The commercial cybersecurity industry has a bold new player: the Department of Homeland Security.
As part of its Transition to Practice program — an initiative which licenses DHS-designed software for commercial distribution — the department’s Science and Technology division has released its Network Mapping System (NeMS) on the enterprise market.
“The brilliant minds of the nation’s network of national laboratories are coming up with incredible technologies and solutions,” DHS Under Secretary for Science and Technology Reginald Brothers said. “Transitioning those ideas into the commercial market where they can be put to practical use is a primary objective for S&T.”
TTP was launched in 2012 as part of a broad effort to enhance the country’s cybersecurity capabilities on a national scale. In addition to marketing software to enterprise consumers, the program works to foster an environment of collaboration between the cyber research community, consumers, investors, IT companies and end users. These types of institutional relationships, according to the DHS, are critical for showcasing technologies, and facilitating pilot and communalization opportunities.
“TTP’s goal is to find technologies with the potential to strengthen our nation’s cybersecurity posture and assist those technologies in making the difficult journey from the research lab to the commercial marketplace,” said Mike Pozmantier, TTP program manager. “And as long as these innovative technologies are transitioned to a commercial or government end-user we’re making a positive impact on the cyber landscape.”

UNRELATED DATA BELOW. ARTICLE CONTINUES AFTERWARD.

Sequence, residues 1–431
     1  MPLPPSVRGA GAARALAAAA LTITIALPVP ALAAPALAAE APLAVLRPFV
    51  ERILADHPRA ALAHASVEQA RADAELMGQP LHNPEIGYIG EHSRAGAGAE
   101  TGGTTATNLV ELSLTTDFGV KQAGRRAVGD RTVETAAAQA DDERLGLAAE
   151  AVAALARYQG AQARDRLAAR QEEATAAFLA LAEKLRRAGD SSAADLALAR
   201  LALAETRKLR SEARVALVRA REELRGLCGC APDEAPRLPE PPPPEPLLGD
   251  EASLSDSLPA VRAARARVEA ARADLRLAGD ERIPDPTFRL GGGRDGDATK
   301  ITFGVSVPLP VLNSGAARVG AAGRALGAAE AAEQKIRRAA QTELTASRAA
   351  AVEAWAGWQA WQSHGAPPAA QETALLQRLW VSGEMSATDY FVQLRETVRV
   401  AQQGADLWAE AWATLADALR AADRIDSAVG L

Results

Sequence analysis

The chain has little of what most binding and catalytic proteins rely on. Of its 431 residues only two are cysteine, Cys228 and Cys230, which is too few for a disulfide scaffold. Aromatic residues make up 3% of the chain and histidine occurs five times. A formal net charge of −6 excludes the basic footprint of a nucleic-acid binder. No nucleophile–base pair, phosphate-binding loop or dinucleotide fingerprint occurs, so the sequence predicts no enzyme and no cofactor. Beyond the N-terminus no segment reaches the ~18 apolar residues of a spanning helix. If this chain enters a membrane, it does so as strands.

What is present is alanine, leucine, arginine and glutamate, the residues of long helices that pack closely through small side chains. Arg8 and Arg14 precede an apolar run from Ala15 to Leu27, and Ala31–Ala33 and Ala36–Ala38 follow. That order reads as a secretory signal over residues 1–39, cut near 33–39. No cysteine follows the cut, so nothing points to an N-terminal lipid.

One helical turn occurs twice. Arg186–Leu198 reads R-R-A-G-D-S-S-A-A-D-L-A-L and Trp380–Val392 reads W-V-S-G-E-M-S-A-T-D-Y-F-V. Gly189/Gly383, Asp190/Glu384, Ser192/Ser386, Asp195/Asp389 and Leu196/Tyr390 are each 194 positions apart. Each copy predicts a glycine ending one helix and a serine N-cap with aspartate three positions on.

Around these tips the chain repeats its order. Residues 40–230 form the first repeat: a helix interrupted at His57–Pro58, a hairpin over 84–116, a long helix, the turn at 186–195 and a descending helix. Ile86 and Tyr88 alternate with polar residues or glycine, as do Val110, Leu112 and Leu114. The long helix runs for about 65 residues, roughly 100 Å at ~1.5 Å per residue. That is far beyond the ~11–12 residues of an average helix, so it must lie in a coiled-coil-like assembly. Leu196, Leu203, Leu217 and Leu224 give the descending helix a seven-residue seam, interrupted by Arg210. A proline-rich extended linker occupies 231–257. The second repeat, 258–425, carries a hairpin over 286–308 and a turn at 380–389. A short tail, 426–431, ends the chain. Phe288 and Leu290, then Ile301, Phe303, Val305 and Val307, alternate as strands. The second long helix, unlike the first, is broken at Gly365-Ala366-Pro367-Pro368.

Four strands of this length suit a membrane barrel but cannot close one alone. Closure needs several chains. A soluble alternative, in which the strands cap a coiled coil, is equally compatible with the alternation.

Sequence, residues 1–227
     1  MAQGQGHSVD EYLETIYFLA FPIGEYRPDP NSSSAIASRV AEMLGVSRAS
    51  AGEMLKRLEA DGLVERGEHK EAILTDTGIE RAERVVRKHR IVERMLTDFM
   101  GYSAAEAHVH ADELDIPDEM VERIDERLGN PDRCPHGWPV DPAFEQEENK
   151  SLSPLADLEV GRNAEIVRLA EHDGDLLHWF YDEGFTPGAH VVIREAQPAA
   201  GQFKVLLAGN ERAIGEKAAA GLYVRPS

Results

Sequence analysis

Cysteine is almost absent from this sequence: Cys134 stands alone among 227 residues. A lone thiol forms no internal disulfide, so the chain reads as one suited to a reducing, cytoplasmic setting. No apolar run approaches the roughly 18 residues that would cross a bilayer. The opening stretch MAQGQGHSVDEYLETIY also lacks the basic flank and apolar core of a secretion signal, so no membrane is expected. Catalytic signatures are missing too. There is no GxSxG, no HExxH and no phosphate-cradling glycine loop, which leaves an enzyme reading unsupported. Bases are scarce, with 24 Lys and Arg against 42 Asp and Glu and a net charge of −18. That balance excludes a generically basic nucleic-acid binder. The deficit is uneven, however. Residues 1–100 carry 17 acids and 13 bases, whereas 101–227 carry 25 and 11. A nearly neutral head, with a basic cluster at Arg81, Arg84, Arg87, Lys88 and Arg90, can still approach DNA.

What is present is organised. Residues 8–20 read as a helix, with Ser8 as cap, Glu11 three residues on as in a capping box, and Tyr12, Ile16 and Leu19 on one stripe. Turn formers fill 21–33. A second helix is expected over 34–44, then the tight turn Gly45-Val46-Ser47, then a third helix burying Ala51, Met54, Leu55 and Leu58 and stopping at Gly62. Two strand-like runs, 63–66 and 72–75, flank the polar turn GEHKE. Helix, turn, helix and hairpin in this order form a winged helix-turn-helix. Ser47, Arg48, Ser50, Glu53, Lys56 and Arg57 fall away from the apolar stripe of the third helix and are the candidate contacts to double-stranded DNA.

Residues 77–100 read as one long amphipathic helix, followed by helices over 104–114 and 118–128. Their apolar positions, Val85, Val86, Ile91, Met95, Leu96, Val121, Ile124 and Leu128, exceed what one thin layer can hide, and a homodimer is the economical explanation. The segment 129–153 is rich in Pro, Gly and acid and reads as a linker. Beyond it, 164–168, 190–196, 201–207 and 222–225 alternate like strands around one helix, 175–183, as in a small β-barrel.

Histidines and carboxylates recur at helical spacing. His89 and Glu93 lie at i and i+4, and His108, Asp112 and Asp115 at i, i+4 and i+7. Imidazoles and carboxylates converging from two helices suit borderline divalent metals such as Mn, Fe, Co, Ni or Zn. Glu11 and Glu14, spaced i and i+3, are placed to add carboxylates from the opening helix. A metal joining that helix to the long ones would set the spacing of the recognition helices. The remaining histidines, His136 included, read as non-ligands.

NeMS, a network analysis tool that allows users to view all connected assets that require protection, will be licensed to Cambridge Global Advisors, a strategic advisory services firm based in Virginia.
Only eight cyber technologies are selected annually to be incorporated into TTP’s 36-month program, which distributes candidates among developers across the country with the ultimate goal of advancing them into commercially viable products. DHS has accumulated 24 technologies over the past three years, three of which — Hyperion, Quantum Secured Communication, and now NeMS — have successfully leapt into the market.
“With the success of the NeMs technology transition, S&T hopes commercial technology partners and end-users will take notice of other technologies, not only in the TTP program, but in the entire government research and development community, as solutions to complex problems,” Pozmantier said.